We all love the thick and broad leaves of our Aloe Vera plants, but it is frustrating to see these leaves becoming mushy. Do you know why that happens? Let’s find out.
Excess moisture in the soil or around the plant leads to mushy leaves in the aloe vera plant. Overwatering, poor drainage, and high humidity are primary causes of excess moisture. To prevent this, use well-drained soil, water them sparingly, provide enough sunlight, and maintain low humidity.
This guide will explain all the reasons behind the Aloe Vera plant turning soft and mushy. We will also share how to treat the mushy Aloe Vera plant and some care tips to maintain a healthy Aloe Vera plant.
Why is my Aloe Vera plant getting mushy?
The Aloe Vera plant turns mushy due to high moisture levels.
And high moisture level occurs due to varied reasons.
There can be other reasons behind mushy leaves too. Let’s take a quick look at all of them.
- Soil-retentive soil
- Wrong container
- High humidity levels
- Lack of sunlight
- Cold injury
Let’s learn how these reasons increase the plant’s moisture content and make the leaves mushy.
Overwatering is, by far, the most common reason behind mushy leaves in the Aloe Vera plant.
Aloe Veras are native to the arid, desert environment of the Arabian Peninsula in Oman.
In these regions, the Aloes grow in sandy soils that don’t hold water for long, and rainfall is infrequent.
Additionally, being succulents, the Aloe Vera plant can store water in its leaves as a technique to survive the high temperatures and dry weather.
Since Aloes are adapted to such growing circumstances, they are vulnerable to overwatering.
They can absorb water greatly.
So, if you water them too frequently (more than once a week), and they continue to consume too much of it, the leaves will become soft and mushy.
Along with mushy leaves, the other symptoms of overwatering are damp soil and discolored and transparent leaves.
If black leaves accompany mushy leaves, it is an obvious sign of rot.
Your plant may end up dying if the problem extends.
But, don’t worry.
Your mushy Aloe Veras can be saved if you reduce watering and follow a correct routine with the right frequency.
How to improve watering habits?
Generally, your Aloes are ready to take water when the soil around their root system has dried.
- Watering the Aloe Veras once every 2-3 weeks is the right way to give them the water they need. It will prevent them from turning mushy and keep them healthy.
- If you are a beginner and want to know the right watering frequency, you should first check the soil’s moisture level. It helps to know their watering needs better. When the top 2-3 inches of the soil is dry, the plant is ready to take more water.
- You can check the moisture level through the drainage holes if the plant is in a pot. Delay for some more days if it feels moist. If the soil is dry, it is the right time to water.
- Once you have gathered experience by checking the soil moisture, you will know the correct watering routine and maintain a proper balance according to the surrounding situations in your garden or home.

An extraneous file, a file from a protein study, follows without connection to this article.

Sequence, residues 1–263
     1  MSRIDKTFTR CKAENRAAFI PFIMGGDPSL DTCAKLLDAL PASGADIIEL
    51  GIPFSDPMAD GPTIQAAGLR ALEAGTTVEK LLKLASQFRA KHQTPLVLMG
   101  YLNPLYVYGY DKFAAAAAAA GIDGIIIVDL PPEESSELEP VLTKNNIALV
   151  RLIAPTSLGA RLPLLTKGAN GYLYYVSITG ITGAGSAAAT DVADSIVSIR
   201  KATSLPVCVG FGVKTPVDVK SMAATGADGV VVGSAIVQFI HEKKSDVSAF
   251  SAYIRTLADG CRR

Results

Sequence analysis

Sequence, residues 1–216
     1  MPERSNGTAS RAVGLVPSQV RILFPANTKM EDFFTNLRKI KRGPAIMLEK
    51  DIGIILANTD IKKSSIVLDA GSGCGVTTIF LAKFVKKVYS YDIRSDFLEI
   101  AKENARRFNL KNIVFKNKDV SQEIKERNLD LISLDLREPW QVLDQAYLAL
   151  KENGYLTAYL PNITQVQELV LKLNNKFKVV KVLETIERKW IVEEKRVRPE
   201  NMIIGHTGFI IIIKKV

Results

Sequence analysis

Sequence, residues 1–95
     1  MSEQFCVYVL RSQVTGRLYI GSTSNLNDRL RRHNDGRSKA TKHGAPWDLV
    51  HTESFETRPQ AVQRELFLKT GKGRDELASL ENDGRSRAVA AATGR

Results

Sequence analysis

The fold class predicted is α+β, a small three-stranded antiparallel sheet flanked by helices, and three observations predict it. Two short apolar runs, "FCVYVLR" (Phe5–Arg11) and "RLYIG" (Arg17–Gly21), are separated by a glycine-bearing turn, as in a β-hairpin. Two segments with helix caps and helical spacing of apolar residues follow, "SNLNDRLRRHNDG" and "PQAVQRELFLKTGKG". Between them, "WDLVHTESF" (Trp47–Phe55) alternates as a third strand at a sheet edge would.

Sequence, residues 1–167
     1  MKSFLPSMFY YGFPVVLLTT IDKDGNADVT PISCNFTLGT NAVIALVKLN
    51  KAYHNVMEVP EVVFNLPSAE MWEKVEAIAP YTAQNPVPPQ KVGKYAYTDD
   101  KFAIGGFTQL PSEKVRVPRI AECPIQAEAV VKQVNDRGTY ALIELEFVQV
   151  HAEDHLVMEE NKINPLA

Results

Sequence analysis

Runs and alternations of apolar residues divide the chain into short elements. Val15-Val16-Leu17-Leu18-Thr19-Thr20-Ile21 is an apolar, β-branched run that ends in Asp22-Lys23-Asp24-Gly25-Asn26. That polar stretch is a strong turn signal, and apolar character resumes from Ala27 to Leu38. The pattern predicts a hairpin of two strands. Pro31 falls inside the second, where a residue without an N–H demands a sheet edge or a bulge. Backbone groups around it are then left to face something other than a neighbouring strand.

- The routine might differ throughout the year depending on the season. In winter, watering once a month would be enough. In the summers, they might need watering once a week. But, they would rarely need watering during summer dormancy ( when temperatures rise above 80-90°F).
- If the mushiness spreads from a few leaves to other healthy leaves, try propagating the healthy leaves and save your whole Aloe Vera from dying.
High moisture-retentive soil
Even if you are watering correctly, the soil is still moist, and the leaves are mushy.
It could be due to slow draining or moisture-retentive soil.
Aloe Veras will not grow well if planted in any ordinary soil.
That will keep the soil damp for a long time.
The leaves will turn yellow or brown and become mushy if the soil retains too much moisture around the roots for a long period.
A poorly drained soil will have the same effects as overwatering because the soil won’t dry out faster.
Since your Aloes enjoy dry conditions, you should use a soil mix that contains porous materials to drain the water faster.
Check the condition of the soil through the drainage holes. If it’s wet rather than moist, you should change the soil.
What kind of soil is good for Aloe Vera?
Generally, belonging to dry areas, Aloe Veras grow best in sandy and gritty soil that doesn’t hold moisture for long periods.
For preventing mushy leaves in the Aloe Vera plant, you should try to imitate the same soil conditions for Aloe Vera as in their native land.
You can use a commercial cactus and succulent potting mix made specifically for all the succulents.
It is gritty and drains all the excess water from the soil and remains almost dry, just like their native land.
You can also make a soil mix yourself. Below are some recommendations:
- Clean garden soil, sand, and perlite with the ratio of 1:1:1 and a half part compost
- Equal parts of garden soil, coarse sand, and peat moss
- 3 parts of potting soil, 2 parts of pumice, and 1 part peat
- 50% of pumice and 50% of potting soil
Once the Aloe receives the ideal soil mix, enough time to dry out, and adequate watering, the leaves will revive and become thick and plump again.